In general, scientists from developing countries and emerging economies may apply for this grant. To get a Georg Forster Fellowship, the research outline must deal with issues of major relevance to the future development of my home country Botswana. As explained above, my project has to do with soil salinity and soil management in the region where I come from.

What are the advantages of a Humboldt Fellowship?

The fellowship is very robust, it supports you and your family. It also supports your career advancement even at the end of the fellowship, making it quite attractive. Once in a while the Humboldt Foundation organizes network meetings, e.g. in April at the University of Mainz. They provide a valuable platform where scientist like me can meet to foster collaboration. Further, I find it important to learn to speak German, which is supported by the Humboldt Foundation. Last month, I started the course “German for Beginners” at the Center for Languages and Key Competences (Zessko) of University of Potsdam.

Your host at the University of Potsdam is Prof. Stefan Norra, head of the working group “Soil Science and Geoecology”. How did the collaboration come about?

His former working group “Environmental Mineralogy and Environmental System Analysis” is based at Karlsruhe Institute of Technology (KIT). Since 2022, Stefan Norra is leading a group at the Institute of Environmental Science and Geography at the University of Potsdam, closely working together with KIT. I have a friend who is Humboldt fellow at KIT at the moment. Last year I told him about my plans and that I find it very difficult to get a host, because you need the approval of a German host before you can apply for the fellowship. With the help of my friend I was really lucky to contact Prof. Norra. As an experienced soil scientist, he is the perfect host for my project.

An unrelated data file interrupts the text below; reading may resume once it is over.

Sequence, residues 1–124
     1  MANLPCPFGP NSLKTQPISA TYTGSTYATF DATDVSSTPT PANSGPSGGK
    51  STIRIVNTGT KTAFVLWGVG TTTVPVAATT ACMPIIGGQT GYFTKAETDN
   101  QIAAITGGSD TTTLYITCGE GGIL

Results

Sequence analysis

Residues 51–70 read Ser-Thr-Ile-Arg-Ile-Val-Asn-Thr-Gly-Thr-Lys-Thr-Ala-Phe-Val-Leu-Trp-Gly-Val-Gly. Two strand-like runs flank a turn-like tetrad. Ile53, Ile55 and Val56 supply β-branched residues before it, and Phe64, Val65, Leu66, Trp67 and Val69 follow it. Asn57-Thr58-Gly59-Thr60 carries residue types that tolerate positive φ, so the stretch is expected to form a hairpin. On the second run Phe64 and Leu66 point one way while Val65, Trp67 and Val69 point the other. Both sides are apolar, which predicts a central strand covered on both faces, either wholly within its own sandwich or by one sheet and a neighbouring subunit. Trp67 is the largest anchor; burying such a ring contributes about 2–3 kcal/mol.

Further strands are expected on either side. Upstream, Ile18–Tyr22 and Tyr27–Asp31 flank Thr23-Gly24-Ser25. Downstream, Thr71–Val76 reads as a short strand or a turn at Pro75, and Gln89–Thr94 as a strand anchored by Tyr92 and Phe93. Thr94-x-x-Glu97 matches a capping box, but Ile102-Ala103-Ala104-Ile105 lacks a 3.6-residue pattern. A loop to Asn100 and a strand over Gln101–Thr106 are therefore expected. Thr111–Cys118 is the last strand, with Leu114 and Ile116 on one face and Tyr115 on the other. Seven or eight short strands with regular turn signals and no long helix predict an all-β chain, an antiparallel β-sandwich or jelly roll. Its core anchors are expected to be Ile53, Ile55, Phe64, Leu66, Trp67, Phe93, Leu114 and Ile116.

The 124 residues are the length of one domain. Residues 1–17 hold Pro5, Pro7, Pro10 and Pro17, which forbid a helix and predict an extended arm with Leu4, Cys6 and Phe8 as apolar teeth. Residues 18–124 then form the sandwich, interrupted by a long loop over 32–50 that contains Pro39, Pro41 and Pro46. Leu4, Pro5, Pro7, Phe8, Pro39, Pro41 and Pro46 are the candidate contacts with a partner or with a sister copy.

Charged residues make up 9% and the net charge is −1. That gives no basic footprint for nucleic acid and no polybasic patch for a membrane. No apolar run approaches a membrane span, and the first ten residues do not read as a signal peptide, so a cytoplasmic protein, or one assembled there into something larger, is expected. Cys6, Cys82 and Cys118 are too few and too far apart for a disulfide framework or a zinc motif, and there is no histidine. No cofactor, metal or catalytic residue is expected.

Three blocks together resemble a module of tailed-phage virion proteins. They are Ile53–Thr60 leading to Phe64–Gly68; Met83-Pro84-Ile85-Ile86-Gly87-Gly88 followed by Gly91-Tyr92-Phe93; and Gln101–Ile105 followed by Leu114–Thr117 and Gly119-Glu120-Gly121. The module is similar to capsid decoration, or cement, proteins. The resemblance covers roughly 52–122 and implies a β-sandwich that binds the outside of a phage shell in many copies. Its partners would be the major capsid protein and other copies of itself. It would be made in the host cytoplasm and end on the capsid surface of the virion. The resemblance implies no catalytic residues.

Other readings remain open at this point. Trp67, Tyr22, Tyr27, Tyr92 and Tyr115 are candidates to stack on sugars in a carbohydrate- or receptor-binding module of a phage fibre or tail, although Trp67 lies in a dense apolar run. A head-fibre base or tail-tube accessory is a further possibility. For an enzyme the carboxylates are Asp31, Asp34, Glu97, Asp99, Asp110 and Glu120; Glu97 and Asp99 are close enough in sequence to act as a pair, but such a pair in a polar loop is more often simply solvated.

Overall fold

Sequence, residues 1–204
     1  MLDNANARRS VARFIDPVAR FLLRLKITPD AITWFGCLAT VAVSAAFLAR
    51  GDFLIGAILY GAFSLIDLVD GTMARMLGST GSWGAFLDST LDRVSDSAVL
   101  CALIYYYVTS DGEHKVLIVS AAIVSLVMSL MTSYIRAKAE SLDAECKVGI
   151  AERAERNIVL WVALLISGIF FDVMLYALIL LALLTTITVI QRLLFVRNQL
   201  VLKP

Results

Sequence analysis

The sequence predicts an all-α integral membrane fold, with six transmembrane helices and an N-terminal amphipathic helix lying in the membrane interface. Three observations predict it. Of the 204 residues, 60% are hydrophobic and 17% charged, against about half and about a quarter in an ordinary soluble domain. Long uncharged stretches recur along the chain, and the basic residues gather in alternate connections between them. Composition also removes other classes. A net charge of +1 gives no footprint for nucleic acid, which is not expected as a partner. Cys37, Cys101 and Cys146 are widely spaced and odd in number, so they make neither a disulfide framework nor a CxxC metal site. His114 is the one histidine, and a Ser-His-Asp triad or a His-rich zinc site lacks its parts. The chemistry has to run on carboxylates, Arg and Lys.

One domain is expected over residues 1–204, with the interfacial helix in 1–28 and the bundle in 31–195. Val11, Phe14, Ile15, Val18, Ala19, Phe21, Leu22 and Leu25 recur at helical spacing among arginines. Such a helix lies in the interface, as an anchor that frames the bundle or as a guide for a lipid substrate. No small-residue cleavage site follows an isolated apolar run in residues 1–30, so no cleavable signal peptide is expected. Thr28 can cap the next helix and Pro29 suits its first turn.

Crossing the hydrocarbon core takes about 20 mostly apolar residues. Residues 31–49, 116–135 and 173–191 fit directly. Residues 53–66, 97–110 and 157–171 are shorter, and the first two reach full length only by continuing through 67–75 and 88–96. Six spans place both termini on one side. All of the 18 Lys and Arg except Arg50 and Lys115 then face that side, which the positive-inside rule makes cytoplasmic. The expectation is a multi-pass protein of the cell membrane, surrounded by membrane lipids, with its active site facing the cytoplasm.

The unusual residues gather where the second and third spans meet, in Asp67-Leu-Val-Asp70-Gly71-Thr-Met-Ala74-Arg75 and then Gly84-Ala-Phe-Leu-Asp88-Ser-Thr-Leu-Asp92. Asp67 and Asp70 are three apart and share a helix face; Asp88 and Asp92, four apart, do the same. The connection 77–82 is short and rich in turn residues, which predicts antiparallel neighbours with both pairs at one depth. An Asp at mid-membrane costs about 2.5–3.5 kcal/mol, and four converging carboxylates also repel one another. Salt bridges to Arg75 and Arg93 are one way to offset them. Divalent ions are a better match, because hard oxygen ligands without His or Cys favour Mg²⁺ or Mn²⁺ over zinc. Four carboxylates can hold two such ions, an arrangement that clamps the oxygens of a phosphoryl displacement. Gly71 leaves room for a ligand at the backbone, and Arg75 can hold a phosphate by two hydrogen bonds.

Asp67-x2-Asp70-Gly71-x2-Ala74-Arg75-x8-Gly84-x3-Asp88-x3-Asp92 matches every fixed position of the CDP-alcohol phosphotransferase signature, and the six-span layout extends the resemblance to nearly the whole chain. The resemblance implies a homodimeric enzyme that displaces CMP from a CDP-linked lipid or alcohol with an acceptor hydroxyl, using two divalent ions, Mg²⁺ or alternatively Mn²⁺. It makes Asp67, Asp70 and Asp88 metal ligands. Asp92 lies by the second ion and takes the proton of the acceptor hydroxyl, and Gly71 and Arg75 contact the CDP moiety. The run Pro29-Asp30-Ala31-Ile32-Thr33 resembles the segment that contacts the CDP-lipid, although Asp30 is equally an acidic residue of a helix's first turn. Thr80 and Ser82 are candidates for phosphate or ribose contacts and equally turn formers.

What are your plans for the coming months?

During the coming months I will spend most time in the lab analyzing soil samples from Botswana. Using the facilities here on Campus Golm, I will look at the morphology, salinity, and general characteristics of the soils and clay minerals found in these samples. I try to identify the properties of the clay that makes the soil behave the way it behaves. Concerning climate change, the rise in temperature will lead to more dryness of soils in semi-arid environments. One of the effects is the increase in soil salinity. The question I try to answer is, how this will affect the clay mineralogy, structure, and the complex interaction of clay and organic materials in the soil system. Instruments I use include the X-ray diffractometer and a suite of microscopic equipment. Further, I work with inductively coupled plasma mass and optical emission spectrometry.